I saw this CBC News story recently about a man who was written off because he was just a psych patient. I wanted to write about it, then promptly forgot about it until suninthespring brought it to my attention.
In April 2018, David Pontone went to the emergency department at Humber River Hospital in Toronto, Canada. He was experiencing severe leg pain. He also happened to have bipolar disorder, which was stable. The ER doc ordered an MRI and also referred him to the on-call psychiatrist. Notes from his chart state the reason for his visit was bipolar, and the psychiatrist wrote that his main symptom was anxiety.
Come on, big boy
When nothing showed up on the MRI, Mr. Pontone was given the boot. The fact that he was in too much pain to walk was apparently not a problem for them. I’m not sure if the video embedded below will play outside of Canada, but it shows Mr. Pontone falling and then part crawling, part dragging himself along the floor towards the exit. A staff member is standing over him the whole time; the story says it’s a nurse, but it would be very unusual for an ER nurse to be in street clothes, so I wonder if perhaps it was a social worker. Regardless, Mr. Pontone is quoted as saying the staff member told him “You’re a big boy! You’re strong! Come on, big boy, stand up!”
While this happened almost three years ago, it’s only being made public now because it was quite the production for the family to get a copy of the video, due to the hospital’s privacy concerns regarding other people who appear in it. Apparently, the twit standing over him in the video was fired.
All too common
This is gross. Sadly, it’s not surprising, but still gross. It reminds me of an ER encounter I had a couple of years ago. I went in because I’d been having problems breathing, my blood pressure was really high, and I was so dizzy I could barely walk. They decided I was 100% psych. I called them out on their stigma, and the nurse who had triaged me insisted it couldn’t possibly be stigma, because she had a friend with a mental illness. Oh, well that changes everything! That friend needed to ditch this beeyotch pronto.
This isn’t just the odd instance here and there. People with mental illnesses are less likely to have their physical health concerns taken seriously, as care providers blame it all on their mental illness and punt them over to psychiatry. If two people go into ER with identical symptoms consistent with a heart attack, and one has a history of mental illness and the other doesn’t, who do you think is going to the cardiac cath lab and who’s getting a psych consult and perhaps, begrudgingly, an Ativan? If you guessed that the “psych patient” is less likely to be sent for cardiac catheterization because it’s “all in their head“, research would say you’re right.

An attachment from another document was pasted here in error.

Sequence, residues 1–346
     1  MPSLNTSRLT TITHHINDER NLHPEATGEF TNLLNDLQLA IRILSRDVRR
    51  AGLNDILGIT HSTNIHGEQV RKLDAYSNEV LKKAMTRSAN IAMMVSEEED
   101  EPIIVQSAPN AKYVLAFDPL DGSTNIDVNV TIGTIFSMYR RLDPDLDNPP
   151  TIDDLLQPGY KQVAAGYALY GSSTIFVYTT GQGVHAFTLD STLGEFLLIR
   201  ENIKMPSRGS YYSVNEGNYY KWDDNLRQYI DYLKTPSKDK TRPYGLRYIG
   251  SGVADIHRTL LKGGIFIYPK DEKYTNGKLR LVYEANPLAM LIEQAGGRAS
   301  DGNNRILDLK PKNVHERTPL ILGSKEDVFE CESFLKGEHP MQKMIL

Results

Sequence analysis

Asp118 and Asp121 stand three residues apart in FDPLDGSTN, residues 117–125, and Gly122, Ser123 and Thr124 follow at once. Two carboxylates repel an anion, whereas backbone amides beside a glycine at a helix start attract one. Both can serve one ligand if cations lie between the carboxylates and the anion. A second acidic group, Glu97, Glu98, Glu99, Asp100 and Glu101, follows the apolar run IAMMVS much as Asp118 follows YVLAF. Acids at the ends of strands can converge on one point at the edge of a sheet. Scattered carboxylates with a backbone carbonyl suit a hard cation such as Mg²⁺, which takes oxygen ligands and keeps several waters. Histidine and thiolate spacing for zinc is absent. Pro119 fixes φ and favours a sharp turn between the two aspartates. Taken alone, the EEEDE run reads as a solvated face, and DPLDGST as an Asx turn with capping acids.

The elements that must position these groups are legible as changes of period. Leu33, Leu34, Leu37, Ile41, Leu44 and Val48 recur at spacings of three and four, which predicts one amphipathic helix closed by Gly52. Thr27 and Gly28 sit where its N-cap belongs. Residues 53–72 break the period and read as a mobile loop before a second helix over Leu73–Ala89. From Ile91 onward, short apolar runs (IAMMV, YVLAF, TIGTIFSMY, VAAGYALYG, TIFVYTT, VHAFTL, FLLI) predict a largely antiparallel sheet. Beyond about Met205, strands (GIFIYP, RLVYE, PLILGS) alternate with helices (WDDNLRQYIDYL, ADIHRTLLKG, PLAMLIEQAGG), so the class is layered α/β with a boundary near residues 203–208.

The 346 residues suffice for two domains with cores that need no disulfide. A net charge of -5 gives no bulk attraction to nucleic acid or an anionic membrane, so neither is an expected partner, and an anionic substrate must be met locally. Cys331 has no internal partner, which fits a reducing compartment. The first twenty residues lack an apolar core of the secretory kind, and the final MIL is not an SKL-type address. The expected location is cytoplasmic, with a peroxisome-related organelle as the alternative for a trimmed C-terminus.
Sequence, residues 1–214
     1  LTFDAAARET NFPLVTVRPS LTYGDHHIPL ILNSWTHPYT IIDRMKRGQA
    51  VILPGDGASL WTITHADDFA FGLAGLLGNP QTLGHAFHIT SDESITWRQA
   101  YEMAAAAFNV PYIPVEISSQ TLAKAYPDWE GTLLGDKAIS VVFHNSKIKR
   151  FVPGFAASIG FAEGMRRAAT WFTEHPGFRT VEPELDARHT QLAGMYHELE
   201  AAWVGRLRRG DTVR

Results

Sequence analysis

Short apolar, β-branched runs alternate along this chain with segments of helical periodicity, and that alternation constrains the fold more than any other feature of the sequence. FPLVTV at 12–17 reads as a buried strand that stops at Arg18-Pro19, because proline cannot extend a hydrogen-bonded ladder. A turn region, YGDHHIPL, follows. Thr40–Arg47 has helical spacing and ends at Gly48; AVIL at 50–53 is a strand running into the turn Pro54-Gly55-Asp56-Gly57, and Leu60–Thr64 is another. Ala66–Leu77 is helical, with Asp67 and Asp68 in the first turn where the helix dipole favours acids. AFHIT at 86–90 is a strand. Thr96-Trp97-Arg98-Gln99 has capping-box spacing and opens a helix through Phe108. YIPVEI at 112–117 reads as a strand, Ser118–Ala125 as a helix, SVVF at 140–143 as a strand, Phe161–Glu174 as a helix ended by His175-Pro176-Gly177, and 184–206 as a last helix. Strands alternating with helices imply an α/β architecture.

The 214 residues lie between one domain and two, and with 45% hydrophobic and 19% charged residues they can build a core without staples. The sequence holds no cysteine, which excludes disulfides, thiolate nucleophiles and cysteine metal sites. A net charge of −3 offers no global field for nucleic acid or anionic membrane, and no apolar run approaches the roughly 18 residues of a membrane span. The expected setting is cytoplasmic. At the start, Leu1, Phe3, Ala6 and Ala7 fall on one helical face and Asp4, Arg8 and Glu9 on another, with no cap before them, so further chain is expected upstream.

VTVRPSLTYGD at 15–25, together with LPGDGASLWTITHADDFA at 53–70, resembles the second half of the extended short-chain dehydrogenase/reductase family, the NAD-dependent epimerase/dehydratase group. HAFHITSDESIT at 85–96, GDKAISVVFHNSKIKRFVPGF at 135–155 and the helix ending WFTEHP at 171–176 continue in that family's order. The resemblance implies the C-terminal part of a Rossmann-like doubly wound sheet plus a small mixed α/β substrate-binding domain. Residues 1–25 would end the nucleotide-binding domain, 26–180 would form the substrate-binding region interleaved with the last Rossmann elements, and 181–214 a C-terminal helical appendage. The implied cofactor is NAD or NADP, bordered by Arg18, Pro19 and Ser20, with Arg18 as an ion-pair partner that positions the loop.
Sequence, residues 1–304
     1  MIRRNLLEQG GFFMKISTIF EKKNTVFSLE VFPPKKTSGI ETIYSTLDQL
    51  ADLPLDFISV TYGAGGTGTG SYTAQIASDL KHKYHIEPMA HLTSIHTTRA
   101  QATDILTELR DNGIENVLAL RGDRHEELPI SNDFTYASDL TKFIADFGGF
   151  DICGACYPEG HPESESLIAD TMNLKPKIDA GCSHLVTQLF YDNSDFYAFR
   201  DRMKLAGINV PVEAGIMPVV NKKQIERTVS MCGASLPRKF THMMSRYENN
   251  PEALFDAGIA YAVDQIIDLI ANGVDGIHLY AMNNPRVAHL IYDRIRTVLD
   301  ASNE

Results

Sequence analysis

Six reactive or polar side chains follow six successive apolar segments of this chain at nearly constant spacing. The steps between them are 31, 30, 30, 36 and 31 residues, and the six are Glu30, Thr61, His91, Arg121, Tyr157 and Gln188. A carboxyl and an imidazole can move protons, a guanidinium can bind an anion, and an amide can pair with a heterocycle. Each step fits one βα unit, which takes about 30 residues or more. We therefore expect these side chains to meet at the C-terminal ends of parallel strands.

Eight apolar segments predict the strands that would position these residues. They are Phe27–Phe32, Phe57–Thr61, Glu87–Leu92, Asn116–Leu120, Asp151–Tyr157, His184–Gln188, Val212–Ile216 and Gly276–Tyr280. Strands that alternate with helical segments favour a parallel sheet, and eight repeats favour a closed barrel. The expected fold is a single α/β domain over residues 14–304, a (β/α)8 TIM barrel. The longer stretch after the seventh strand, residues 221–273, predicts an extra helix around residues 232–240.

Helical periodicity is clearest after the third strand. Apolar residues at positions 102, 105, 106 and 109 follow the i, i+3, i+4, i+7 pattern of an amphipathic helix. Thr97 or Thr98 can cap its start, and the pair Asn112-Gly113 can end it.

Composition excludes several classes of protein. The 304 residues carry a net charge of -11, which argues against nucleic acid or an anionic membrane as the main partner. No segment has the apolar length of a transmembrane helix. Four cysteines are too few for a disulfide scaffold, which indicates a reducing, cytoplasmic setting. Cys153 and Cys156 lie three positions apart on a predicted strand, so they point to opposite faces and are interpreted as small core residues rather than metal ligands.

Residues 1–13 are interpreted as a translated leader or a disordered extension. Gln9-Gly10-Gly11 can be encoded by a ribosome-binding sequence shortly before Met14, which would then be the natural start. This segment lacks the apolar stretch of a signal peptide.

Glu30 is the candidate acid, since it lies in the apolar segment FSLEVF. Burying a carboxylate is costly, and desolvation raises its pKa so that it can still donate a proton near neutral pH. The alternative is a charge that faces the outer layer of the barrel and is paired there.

You’d think health professionals should know enough to not be this stupid, but that’s clearly not the case. It’s a weird blind spot to have, but I think it’s pretty pervasive, even when it’s not malicious. I remember when my partner at the time was in ICU and I was spending a lot of time there, and they were so impressed that I worked in psychiatry because it must be so hard. For all their knowledge dealing with serious physical health stuff, mental illness was totally outside their sphere of familiarity.
I don’t know what needs to happen to change this kind of thing. I think it could help if there was staff in-service training where patients with different conditions came in and talked about what their journey through ER had been like. That’s probably not going to do anything about the really entrenched stigma, but it might do some good where it’s more of a blind spot issue.
As for dumbasses like the woman shown in the video, perhaps we need to wait for brain transplants to come along. Until then, I hope she stays far, far away from me and anyone else who is “just a psych patient.”
You can find more on mental illness stigma on the Stop the Stigma page.
A Brief History of Stigma is the upcoming new release from Mental Health @ Home Books. It looks at the nature of stigma, the contexts in which it occurs, and how to challenge it most effectively.
Visit the book page for tips on how to be an effective advocate.